Each year at the FIS Congress in June, the FIS officials and their stakeholders thoroughly discuss the FIS ski racing rule changes and make advised decisions that will best present alpine skiing both at the event and to the global audience and television.
Here is a summary of the major changes to the international ski racing rules that apply to alpine ski racing:
Speed Event Start Order
To further spread out the best skiers in the hopes of retaining television viewers beyond the top seed the Austrian proposal was accepted by the alpine executive board for start order in speed races. This means for the 2016-17 season onward, the starting order for men’s and women’s speed races (downhill and super-G) will be determined as follows:
- Athletes 1-10 on the World Cup Start List (WCSL) will select between bibs 1-19 (odd numbers)
- Athletes 11-20 on WCSL will be drawn between bibs 2-20 (even numbers)
- Athletes 21-30 on WCSL will be drawn between bibs 21-30
When asked for his opinion on the new starting order for the speed disciplines, Chief Race Director of the Women’s Circuit, Atel Skaardal replied,
I see a certain new flair to the whole thing. It’s very interesting for the athletes to be able to pick a number instead of being drawn; I think they will appreciate that. We will now see a trend that the best racers start earlier in speed events than we have been used to in the past years, and it will be interesting to follow them next season and see how it will impact the whole system for us. I’m very excited to see how it goes; it’s good that we agreed on something. I’m confident that it will be very well received.
Ski Specifications for Men’s GS Skis
For the 2017-18 season onward, male competitors at all FIS levels will have to race with GS skis that conform to the following standards:
- Minimum ski length: 193 centimeters (-5 cm tolerance only in FIS-level competitions)
- Minimum radius: 30 meters
- Maximum width under binding: < 65 millimeters
- Maximum width at the top: < 103 mm
From an FIS interview with Chief Race Director of the Men’s Circuit, Markus Waldner on the GS ski regulation changes:
We had couple of meetings about the new ski regulation for giant slalom skis. We had to collect all the data, both from the original research from Salzburg and from the Trauma Center in Norway, to evaluate the feedback from athletes, teams and SRS. Fact is, there has been an evolution and the 35 meter radius skis are not working anymore – not only on the World Cup, but especially on the lower level. Things are going in the right direction now, the main stakeholders are in favor of a change. For the first time, the ski brands are on the same page, and a significant majority of the athletes – 90 percent according to a survey of the athletes’ commission – agree to the proposal to go back to 30 meters from Soelden 2017 on. One of the only barriers to this proposal is the timing of the change. Some would like to make the change in the season after the Olympics.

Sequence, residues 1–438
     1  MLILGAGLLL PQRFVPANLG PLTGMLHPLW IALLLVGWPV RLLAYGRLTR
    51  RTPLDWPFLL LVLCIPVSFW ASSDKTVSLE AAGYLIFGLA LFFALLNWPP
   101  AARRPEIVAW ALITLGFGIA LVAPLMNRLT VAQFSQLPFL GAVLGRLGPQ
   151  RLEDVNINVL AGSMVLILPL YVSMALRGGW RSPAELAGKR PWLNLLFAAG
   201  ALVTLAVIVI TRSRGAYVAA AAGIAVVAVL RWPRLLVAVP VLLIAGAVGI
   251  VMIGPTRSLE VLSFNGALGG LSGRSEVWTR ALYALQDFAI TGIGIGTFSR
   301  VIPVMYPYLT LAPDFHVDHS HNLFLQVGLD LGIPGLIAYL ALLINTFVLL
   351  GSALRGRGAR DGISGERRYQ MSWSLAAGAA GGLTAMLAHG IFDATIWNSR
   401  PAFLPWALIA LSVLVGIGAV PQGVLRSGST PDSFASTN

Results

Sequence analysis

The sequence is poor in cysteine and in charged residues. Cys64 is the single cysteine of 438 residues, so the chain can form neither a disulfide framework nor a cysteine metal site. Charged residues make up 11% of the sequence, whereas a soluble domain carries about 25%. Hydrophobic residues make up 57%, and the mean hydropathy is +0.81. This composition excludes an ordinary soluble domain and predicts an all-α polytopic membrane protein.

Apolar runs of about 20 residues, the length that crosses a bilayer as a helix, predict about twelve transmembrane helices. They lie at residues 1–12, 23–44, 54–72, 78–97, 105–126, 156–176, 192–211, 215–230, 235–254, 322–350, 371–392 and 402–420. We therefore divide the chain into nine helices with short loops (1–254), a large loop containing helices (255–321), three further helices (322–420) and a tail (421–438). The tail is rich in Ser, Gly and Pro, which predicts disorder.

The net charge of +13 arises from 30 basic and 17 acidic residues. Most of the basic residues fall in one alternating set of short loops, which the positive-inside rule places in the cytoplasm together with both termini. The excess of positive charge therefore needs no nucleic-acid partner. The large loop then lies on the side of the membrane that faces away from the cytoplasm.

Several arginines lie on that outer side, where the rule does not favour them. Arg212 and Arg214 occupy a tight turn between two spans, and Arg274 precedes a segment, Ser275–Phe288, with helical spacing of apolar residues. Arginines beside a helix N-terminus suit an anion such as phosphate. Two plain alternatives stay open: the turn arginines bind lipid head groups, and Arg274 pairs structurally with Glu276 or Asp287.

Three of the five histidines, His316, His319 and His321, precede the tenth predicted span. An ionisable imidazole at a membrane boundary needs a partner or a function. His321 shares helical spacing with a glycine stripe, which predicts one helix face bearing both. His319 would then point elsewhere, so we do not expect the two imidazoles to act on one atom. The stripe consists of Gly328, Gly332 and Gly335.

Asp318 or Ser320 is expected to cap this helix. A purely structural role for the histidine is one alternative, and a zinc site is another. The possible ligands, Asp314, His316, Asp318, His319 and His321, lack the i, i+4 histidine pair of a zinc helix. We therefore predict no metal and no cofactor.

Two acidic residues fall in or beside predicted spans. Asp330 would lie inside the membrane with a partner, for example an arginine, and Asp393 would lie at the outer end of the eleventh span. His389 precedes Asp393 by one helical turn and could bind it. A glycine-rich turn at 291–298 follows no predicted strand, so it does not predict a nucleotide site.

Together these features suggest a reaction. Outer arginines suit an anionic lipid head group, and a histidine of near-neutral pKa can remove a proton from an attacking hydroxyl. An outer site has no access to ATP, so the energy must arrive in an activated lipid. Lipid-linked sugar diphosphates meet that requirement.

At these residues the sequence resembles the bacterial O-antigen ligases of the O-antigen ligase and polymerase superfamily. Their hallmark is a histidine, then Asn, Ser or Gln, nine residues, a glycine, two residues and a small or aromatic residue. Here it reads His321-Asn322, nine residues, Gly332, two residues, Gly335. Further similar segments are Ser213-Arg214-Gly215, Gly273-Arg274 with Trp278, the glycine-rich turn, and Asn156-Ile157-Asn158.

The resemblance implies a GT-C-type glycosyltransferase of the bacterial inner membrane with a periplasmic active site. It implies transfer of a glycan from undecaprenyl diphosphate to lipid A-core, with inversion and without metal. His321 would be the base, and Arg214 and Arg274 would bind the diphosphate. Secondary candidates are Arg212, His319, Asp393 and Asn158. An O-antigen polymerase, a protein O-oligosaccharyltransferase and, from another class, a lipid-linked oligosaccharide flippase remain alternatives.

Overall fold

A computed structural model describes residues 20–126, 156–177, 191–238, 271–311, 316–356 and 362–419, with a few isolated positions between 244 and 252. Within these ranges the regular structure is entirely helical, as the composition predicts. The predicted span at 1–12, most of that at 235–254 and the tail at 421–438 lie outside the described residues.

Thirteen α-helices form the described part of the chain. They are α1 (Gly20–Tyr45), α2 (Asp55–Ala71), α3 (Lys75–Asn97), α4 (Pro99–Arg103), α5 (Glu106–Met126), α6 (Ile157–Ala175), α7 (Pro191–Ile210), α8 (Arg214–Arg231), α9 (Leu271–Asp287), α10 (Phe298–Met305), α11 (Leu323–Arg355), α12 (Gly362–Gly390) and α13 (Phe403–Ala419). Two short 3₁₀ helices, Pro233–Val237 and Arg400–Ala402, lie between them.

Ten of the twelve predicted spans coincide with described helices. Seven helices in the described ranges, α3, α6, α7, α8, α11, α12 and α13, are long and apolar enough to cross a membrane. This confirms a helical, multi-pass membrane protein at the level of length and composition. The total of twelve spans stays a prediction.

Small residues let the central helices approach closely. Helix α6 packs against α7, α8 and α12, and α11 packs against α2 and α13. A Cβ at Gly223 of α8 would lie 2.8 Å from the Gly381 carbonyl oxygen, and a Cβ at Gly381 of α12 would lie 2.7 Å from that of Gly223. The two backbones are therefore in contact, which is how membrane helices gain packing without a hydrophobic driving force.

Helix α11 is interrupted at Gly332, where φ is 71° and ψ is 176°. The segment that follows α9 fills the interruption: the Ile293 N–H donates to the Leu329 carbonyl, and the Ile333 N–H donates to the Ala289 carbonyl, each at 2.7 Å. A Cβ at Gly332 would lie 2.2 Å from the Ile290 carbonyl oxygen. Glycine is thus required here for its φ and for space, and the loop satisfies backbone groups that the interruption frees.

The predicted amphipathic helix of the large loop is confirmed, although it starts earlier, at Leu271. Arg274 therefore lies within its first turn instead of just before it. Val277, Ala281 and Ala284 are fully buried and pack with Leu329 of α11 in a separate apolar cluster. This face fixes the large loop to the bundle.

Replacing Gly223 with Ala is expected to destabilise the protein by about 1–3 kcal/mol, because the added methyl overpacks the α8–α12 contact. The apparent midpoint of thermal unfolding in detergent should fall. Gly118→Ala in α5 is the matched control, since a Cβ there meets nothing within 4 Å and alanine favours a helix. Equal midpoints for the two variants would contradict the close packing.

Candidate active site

World Cup Race Calendar
The official 2016-17 World Cup Race Calendar was approved. Next season’s schedule includes 16 World Cup races in the US including the 2017 World Cup Finals in Aspen, Colorado. Other changes approved:
- The men’s alpine combined at Kitzbuehel was officially cancelled and replaced by a Super G.
- The men’s races between Christmas and New Year’s Day will take place in Santa Caterina, Italy including a men’s alpine combined event.
- The ladies will try out four new venues for the 2016-17 FIS ski racing season: Killington, USA; Kronplatz, Italy; Jeongseon, South Korea– a test event for the 2018 Winter Olympics – and Squaw Valley, USA.
Full Voting Rights for Representative from FIS Athlete’s Commission
In a ground breaking decision, the FIS Council unanimously approved a change of statutes to include a representative of the FIS Athletes’ Commission as a full voting member. Retired Swedish alpine ski racer Jessica Lindell-Vikarby, who chairs the Athletes’ Commission, was unanimously elected by the Congress and will serve for two years alongside the remaining members of the FIS Council as a voting member. In an interview with SkiRacing.com after this decision, Jessica Lindell-Vikarby said,
The FIS Council makes all of the important decisions that affect our disciplines. We are now involved in the decision-making process and can bring the voices and experiences of the athletes to the discussions at Council level, so they feel fairly represented. It is important for us to show the athletes of all FIS disciplines that we have a chance to make a difference.
With relation to anti-doping rules, the use of use oxygen tanks, hypoxic chambers and cryogenic chambers or similar medical equipment is now prohibited during FIS World Championships, World Cups and other competitions registered in the FIS calendar.
For more information read the complete list of all decisions of the 50th International Ski Congress in Cancun.